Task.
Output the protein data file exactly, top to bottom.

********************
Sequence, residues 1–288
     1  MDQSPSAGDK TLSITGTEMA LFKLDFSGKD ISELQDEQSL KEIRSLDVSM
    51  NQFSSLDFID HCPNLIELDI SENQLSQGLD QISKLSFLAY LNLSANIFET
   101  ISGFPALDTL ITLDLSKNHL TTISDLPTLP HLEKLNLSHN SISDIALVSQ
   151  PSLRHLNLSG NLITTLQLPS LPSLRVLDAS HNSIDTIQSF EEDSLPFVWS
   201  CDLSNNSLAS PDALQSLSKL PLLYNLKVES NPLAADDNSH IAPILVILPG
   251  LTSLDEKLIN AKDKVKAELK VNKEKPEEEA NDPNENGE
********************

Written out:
Sequence, residues 1–288
     1  MDQSPSAGDK TLSITGTEMA LFKLDFSGKD ISELQDEQSL KEIRSLDVSM
    51  NQFSSLDFID HCPNLIELDI SENQLSQGLD QISKLSFLAY LNLSANIFET
   101  ISGFPALDTL ITLDLSKNHL TTISDLPTLP HLEKLNLSHN SISDIALVSQ
   151  PSLRHLNLSG NLITTLQLPS LPSLRVLDAS HNSIDTIQSF EEDSLPFVWS
   201  CDLSNNSLAS PDALQSLSKL PLLYNLKVES NPLAADDNSH IAPILVILPG
   251  LTSLDEKLIN AKDKVKAELK VNKEKPEEEA NDPNENGE